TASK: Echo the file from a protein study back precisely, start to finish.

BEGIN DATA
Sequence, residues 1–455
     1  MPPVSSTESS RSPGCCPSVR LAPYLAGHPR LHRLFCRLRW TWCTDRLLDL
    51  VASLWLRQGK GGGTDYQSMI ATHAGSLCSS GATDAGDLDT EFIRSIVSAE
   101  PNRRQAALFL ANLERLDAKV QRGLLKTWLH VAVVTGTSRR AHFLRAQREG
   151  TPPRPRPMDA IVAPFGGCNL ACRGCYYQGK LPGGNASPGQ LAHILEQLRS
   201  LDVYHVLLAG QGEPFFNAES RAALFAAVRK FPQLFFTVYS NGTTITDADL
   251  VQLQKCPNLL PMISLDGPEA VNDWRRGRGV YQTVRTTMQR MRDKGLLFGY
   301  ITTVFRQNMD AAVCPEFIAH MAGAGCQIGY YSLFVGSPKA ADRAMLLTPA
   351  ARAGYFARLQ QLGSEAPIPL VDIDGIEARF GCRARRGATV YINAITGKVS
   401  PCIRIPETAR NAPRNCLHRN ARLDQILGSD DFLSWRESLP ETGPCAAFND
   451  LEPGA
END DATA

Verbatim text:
Sequence, residues 1–455
     1  MPPVSSTESS RSPGCCPSVR LAPYLAGHPR LHRLFCRLRW TWCTDRLLDL
    51  VASLWLRQGK GGGTDYQSMI ATHAGSLCSS GATDAGDLDT EFIRSIVSAE
   101  PNRRQAALFL ANLERLDAKV QRGLLKTWLH VAVVTGTSRR AHFLRAQREG
   151  TPPRPRPMDA IVAPFGGCNL ACRGCYYQGK LPGGNASPGQ LAHILEQLRS
   201  LDVYHVLLAG QGEPFFNAES RAALFAAVRK FPQLFFTVYS NGTTITDADL
   251  VQLQKCPNLL PMISLDGPEA VNDWRRGRGV YQTVRTTMQR MRDKGLLFGY
   301  ITTVFRQNMD AAVCPEFIAH MAGAGCQIGY YSLFVGSPKA ADRAMLLTPA
   351  ARAGYFARLQ QLGSEAPIPL VDIDGIEARF GCRARRGATV YINAITGKVS
   401  PCIRIPETAR NAPRNCLHRN ARLDQILGSD DFLSWRESLP ETGPCAAFND
   451  LEPGA